Historic Jewel (Oscos) of Chicago

The Osco half of the Jewel-Osco food and pharmacy chain is celebrating its 75th anniversary this year.  It started out in 1937 as a single Pay-Less drug store in Rochester, Minnesota and is now a retailing force across the upper Midwest.

So what does this have to do with architecture?  A couple of things.

First, Jewel-Osco, long a facilitator of the urban blight known as the strip mall, has started mending its ways by using more urban- and environmentally-friendly store designs.  Its new store on North Southport got lots of positive press when it opened a couple of years ago.

Jewel-Osco on Southport

The Jewel-Osco store on North Southport

Another reason this is of interest is because Jewel-Osco’s PR company sent us some pictures of historic stores in the Chicagoland area. Some of these architectural styles will surely trigger nostalgia or nausea, depending on how you feel about mid-century modern design.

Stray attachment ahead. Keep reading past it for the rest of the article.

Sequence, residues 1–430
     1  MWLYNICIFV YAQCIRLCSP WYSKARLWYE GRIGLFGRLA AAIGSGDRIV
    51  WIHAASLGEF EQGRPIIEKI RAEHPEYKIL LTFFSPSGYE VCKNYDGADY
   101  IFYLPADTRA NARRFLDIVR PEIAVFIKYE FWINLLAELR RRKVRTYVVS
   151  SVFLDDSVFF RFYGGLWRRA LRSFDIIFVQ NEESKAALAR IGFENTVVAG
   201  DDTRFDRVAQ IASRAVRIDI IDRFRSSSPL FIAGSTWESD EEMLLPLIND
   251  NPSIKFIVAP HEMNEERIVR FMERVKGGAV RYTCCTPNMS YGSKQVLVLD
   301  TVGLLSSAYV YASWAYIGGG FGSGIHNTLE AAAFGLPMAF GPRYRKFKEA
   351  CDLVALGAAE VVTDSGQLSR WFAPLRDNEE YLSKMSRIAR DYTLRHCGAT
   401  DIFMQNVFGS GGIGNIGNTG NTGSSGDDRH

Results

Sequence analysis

And as you explore Chicago, veteran architecture buffs sometimes play a game called “Spot the Jewel.”  For a long time, Jewel stores had a very distinctive design and building materials.  Though most of them have been either torn down or repurposed, it is still possible to see the Jewel heritage underneath what is now a Currency Exchange or a liquor store, if you know what to look for.

Author: Editor

Editor founded the Chicago Architecture Blog in 2003, after a long career in journalism. He can be reached at chicagoarchitectureinfo@gmail.com.

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